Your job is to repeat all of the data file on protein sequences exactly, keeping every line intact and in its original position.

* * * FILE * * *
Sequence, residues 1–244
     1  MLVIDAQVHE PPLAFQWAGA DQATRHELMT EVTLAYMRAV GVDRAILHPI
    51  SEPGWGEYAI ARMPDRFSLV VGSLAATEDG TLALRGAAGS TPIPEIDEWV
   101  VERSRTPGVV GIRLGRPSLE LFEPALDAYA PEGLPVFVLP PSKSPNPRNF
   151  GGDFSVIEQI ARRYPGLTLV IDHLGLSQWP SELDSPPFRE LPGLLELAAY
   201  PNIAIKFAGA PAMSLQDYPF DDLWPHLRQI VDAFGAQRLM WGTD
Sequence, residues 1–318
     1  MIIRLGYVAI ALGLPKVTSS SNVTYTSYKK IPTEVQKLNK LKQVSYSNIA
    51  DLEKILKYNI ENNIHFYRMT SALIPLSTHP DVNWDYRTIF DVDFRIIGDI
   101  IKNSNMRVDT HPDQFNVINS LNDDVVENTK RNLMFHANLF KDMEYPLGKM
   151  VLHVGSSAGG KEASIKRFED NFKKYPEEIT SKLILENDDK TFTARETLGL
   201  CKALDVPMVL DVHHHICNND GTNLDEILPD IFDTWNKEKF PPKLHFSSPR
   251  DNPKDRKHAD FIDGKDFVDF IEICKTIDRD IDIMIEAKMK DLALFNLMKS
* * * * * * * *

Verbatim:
Sequence, residues 1–244
     1  MLVIDAQVHE PPLAFQWAGA DQATRHELMT EVTLAYMRAV GVDRAILHPI
    51  SEPGWGEYAI ARMPDRFSLV VGSLAATEDG TLALRGAAGS TPIPEIDEWV
   101  VERSRTPGVV GIRLGRPSLE LFEPALDAYA PEGLPVFVLP PSKSPNPRNF
   151  GGDFSVIEQI ARRYPGLTLV IDHLGLSQWP SELDSPPFRE LPGLLELAAY
   201  PNIAIKFAGA PAMSLQDYPF DDLWPHLRQI VDAFGAQRLM WGTD
Sequence, residues 1–318
     1  MIIRLGYVAI ALGLPKVTSS SNVTYTSYKK IPTEVQKLNK LKQVSYSNIA
    51  DLEKILKYNI ENNIHFYRMT SALIPLSTHP DVNWDYRTIF DVDFRIIGDI
   101  IKNSNMRVDT HPDQFNVINS LNDDVVENTK RNLMFHANLF KDMEYPLGKM
   151  VLHVGSSAGG KEASIKRFED NFKKYPEEIT SKLILENDDK TFTARETLGL
   201  CKALDVPMVL DVHHHICNND GTNLDEILPD IFDTWNKEKF PPKLHFSSPR
   251  DNPKDRKHAD FIDGKDFVDF IEICKTIDRD IDIMIEAKMK DLALFNLMKS